Thursday, February 02, 2006


You Were One of the Good Ones, Man

Last night as I was writing the Branyan post, I stumbled upon a player page with the headline "J.T. Snow...Boston Red Sox". It's a name and a title that just don't go well together, like "Michael Jordan...Washington Wizards" or "Alex Sanchez...Any Major League Team". I let the J.T. Snow defection in January slide by here without comment, but I have to say I was sad to see him go. Players who show this much heart and a loyalty to the Giants franchise for so long deserve to be remebered fondly.

Snow was a good Giant for nine seasons, and while his 2001-2005 years were marked by a ton of fan and media derision, he seemingly couldn't help but come up with a big play when he needed it. In the first half of 2001 he stopped hitting and fans began screaming for his head. In a panic, Brian Sabean acquired Andres Galarraga to take over first base for Snow. With flame lit firmly underneath ass, Snow turned it on in the second half and hit .306 as the Giants narrowly missed the playoffs.

In 2002, Snow had a miserable season, hitting just 6 (!) home runs, and once again fans wanted his head as the Giants moved into the postseason. But once again, Snow saved his best for last and had a smoking hot postseason, including an amazing .407/.448/.556 in the World Series. Oh, and he also saved Darren Baker from being bulldozed by David Bell.

After a decent 2003 season Snow, in an impressive display of loyalty, took a drastic pay cut to stay with the Giants in 2004. He rewarded the Giants' trust by absolutely demolishing NL pitching in the second half, tossing up a mind-blowing 1.142 OPS after the All-Star Break. Of course, the alien that was inhabiting Snow's body for that half-season soon left to explore different galaxies, and Snow's production tanked in 2005.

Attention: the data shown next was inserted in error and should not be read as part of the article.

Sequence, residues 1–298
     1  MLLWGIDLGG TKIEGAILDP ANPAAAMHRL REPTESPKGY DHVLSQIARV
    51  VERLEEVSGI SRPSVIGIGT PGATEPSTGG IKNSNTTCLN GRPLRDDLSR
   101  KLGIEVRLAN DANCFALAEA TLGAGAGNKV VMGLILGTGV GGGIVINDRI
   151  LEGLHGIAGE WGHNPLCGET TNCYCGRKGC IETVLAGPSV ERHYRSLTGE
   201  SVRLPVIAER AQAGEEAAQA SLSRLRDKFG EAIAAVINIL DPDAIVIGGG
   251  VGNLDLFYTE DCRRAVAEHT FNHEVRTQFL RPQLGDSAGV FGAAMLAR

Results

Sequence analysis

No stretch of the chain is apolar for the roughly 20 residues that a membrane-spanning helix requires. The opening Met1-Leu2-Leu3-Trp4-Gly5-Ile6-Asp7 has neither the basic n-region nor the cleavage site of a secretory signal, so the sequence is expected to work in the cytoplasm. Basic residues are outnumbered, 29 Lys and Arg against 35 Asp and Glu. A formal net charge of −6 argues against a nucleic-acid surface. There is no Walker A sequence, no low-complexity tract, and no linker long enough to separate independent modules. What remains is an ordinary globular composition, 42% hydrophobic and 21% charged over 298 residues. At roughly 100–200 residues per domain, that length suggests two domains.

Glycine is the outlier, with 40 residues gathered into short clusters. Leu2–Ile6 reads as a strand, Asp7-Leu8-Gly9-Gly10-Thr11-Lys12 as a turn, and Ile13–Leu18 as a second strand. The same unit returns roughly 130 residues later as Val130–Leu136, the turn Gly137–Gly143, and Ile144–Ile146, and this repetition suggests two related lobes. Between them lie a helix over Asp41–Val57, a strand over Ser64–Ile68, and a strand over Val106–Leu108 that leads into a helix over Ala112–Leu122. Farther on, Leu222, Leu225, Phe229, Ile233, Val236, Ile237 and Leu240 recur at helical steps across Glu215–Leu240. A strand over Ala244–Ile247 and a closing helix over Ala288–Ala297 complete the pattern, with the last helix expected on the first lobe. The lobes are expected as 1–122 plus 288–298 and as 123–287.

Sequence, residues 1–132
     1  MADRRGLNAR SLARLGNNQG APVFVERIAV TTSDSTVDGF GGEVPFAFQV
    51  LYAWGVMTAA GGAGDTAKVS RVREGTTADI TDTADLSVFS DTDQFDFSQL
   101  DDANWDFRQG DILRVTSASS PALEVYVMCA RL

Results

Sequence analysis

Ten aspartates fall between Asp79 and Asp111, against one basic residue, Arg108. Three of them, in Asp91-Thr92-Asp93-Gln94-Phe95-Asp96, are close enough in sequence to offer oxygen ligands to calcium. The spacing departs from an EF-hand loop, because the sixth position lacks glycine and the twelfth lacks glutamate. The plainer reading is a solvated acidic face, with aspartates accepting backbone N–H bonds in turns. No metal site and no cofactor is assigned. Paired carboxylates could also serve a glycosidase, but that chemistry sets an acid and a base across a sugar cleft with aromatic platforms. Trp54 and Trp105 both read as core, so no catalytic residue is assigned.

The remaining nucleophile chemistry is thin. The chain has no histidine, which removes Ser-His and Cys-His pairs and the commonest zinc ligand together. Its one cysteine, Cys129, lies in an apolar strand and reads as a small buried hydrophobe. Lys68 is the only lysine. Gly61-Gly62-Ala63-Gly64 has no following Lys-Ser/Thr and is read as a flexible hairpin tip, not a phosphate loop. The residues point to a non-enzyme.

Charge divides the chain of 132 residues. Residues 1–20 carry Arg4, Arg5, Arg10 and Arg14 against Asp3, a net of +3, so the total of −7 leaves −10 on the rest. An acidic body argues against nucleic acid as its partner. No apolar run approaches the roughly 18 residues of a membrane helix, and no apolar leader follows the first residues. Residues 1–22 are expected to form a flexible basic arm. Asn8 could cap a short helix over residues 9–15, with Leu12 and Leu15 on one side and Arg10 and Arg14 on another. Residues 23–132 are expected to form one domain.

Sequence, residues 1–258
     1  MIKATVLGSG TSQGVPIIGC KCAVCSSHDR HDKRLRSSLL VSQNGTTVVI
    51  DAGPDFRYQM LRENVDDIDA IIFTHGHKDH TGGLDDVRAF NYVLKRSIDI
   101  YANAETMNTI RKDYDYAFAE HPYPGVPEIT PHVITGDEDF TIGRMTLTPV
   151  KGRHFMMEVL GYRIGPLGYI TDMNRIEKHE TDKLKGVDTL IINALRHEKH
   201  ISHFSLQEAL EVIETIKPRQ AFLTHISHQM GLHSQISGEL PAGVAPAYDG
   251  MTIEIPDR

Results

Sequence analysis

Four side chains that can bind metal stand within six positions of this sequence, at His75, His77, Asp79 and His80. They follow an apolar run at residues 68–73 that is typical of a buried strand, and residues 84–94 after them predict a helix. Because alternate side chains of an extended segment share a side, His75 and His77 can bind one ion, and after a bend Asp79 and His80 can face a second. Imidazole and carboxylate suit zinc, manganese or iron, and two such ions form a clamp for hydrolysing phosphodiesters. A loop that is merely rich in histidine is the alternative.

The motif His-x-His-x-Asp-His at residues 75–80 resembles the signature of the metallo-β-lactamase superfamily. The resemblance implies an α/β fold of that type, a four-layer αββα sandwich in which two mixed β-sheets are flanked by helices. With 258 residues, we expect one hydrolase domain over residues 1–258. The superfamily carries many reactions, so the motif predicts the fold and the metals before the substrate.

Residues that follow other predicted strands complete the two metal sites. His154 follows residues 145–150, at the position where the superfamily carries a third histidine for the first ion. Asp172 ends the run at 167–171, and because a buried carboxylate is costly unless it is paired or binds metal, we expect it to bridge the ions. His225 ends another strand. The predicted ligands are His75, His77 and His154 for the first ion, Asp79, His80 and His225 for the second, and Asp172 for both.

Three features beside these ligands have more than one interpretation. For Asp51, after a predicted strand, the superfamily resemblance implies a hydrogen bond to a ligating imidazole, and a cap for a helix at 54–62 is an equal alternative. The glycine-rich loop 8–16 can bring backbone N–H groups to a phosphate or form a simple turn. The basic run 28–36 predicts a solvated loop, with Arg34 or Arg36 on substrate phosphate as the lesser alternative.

Amidst his up-and-down final years as a Giant, few forget the terrific seasons he put up with the team from 1997-2000, when he was one of their better run producers. In 1997, his best year, he hit .281/.387/.510 to help lead the Giants to the division crown. And that glove. Oh man, that sweet glove. Whether scooping up errant throws in the dirt, or making amazing catches while falling on his butt on Angel Stadium's crap warning tracks...

...Snow had no peers with the leather. While the cliche "he saved games with his glove" is overused dreck, I do remember several instances where Snow got the Giants out of jams with amazing, acrobatic snags of scorching liners at first.

I remember a game I went to in 1998, where the Giants were facing the Reds. The Giants had loaded the bases with nobody out, but Reds starter Steve Parris proceeded to bum the crowd out by striking out Jeff Kent and Joe Carter, putting Cincy on the brink of getting out of the inning. But then Snow came up and smashed a grand slam over the right field fence, and the Candlestick crowd went into a frenzy, demanding a curtain call with chants of "J.T.! J.T.!" It's certainly one of my fonder Giants moments.

And, of course, no Giants fan will ever forget his game-tying home run off of Armando Benitez in Game 2 of the 2000 ALDS. Behind the various heroics in 2002, that moment ranks as one of the most scintillating in Giants history.

This post is now wandering dangerously close to man-crush territory, so I'll end it here by saying that Snow was one my favorite Giants, along with Bill Mueller and Rich Aurilia. No matter what he does in another uniform, he'll always be a Giant. We'll miss ya, buddy!

I wholeheartedly agree with this post. I was sad when Richie and Billy left, and now we've lost JT, too. Seems my favorite players to watch control the infield are slipping out of reach!
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